12. Interface Structure of MoO3 on Organic Semiconductors

    NASA Astrophysics Data System (ADS)

    White, Robin T.; Thibau, Emmanuel S.; Lu, Zheng-Hong

    2016-02-01

    We have systematically studied interface structure formed by vapor-phase deposition of typical transition metal oxide MoO3 on organic semiconductors. Eight organic hole transport materials have been used in this study. Ultraviolet photoelectron spectroscopy and X-ray photoelectron spectroscopy are used to measure the evolution of the physical, chemical and electronic structure of the interfaces at various stages of MoO3 deposition on these organic semiconductor surfaces. For the interface physical structure, it is found that MoO3 diffuses into the underlying organic layer, exhibiting a trend of increasing diffusion with decreasing molecular molar mass. For the interface chemical structure, new carbon and molybdenum core-level states are observed, as a result of interfacial electron transfer from organic semiconductor to MoO3. For the interface electronic structure, energy level alignment is observed in agreement with the universal energy level alignment rule of molecules on metal oxides, despite deposition order inversion.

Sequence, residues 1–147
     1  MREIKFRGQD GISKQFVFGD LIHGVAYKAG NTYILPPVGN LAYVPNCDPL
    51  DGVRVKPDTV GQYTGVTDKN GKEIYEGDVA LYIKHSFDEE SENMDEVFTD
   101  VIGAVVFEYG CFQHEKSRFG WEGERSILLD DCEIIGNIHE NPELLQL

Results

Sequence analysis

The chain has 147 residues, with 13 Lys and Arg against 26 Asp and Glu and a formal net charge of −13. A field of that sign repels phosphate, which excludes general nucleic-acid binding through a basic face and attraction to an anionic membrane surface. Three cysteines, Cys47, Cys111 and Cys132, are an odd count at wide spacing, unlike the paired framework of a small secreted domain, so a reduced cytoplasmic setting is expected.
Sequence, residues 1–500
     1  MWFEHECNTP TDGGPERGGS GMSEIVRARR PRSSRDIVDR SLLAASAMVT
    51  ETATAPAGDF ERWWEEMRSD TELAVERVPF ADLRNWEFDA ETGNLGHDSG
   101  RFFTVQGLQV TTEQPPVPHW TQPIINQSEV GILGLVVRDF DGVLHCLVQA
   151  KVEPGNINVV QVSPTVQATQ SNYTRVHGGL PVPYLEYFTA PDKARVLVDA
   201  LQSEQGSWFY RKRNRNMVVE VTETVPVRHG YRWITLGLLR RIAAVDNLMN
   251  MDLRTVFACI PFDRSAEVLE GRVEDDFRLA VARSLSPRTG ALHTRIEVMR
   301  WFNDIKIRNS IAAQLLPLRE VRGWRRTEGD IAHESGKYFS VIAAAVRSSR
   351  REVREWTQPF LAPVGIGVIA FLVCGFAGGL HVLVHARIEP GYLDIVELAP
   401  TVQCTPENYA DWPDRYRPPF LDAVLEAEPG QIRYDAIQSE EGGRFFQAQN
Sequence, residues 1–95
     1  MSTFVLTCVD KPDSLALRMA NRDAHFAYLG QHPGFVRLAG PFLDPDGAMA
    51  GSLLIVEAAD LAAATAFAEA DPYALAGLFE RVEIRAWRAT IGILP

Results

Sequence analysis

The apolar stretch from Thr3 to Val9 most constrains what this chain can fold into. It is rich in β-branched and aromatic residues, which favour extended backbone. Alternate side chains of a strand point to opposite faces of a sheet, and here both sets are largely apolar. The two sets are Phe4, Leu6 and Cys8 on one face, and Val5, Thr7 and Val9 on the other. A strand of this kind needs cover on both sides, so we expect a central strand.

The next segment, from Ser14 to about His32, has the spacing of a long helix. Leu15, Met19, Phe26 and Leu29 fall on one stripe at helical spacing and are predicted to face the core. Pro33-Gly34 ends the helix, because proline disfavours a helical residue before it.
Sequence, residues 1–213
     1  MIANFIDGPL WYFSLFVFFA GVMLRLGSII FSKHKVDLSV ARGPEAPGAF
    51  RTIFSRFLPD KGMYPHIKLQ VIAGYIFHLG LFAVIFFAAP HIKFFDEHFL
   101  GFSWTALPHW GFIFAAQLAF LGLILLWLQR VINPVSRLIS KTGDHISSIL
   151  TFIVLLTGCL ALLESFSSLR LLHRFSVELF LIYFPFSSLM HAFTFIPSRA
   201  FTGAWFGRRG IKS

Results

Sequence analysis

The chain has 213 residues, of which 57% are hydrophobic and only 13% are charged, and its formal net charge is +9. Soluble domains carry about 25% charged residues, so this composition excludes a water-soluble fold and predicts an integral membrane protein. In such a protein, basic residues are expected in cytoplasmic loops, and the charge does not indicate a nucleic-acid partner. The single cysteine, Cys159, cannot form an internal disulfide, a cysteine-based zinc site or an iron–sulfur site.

13. Printable semiconductor structures and related methods of making and assembling

    DOEpatents

    Nuzzo, Ralph G.; Rogers, John A.; Menard, Etienne; Lee, Keon Jae; Khang; , Dahl-Young; Sun, Yugang; Meitl, Matthew; Zhu, Zhengtao; Ko, Heung Cho; Mack, Shawn

    2013-03-12